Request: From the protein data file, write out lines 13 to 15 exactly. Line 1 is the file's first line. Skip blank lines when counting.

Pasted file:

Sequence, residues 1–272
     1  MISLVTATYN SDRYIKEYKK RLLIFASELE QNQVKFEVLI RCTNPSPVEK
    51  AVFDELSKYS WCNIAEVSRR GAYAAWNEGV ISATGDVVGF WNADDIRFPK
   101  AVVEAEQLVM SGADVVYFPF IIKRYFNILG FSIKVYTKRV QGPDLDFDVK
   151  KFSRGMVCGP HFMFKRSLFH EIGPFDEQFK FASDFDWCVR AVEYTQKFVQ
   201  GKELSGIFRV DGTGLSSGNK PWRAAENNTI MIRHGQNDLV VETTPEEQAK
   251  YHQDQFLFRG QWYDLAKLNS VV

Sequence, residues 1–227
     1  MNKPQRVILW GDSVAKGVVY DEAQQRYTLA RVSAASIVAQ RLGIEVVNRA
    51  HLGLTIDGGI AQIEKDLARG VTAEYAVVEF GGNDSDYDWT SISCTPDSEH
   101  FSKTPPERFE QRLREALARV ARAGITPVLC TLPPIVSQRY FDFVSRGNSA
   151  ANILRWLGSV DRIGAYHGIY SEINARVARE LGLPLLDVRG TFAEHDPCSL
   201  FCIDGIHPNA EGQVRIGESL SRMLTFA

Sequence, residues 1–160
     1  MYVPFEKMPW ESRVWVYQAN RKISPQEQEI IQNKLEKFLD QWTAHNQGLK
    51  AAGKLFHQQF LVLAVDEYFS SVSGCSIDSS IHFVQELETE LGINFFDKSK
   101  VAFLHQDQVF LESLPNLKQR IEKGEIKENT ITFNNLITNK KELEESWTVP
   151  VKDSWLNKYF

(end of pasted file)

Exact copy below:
   201  FCIDGIHPNA EGQVRIGESL SRMLTFA

Sequence, residues 1–160
     1  MYVPFEKMPW ESRVWVYQAN RKISPQEQEI IQNKLEKFLD QWTAHNQGLK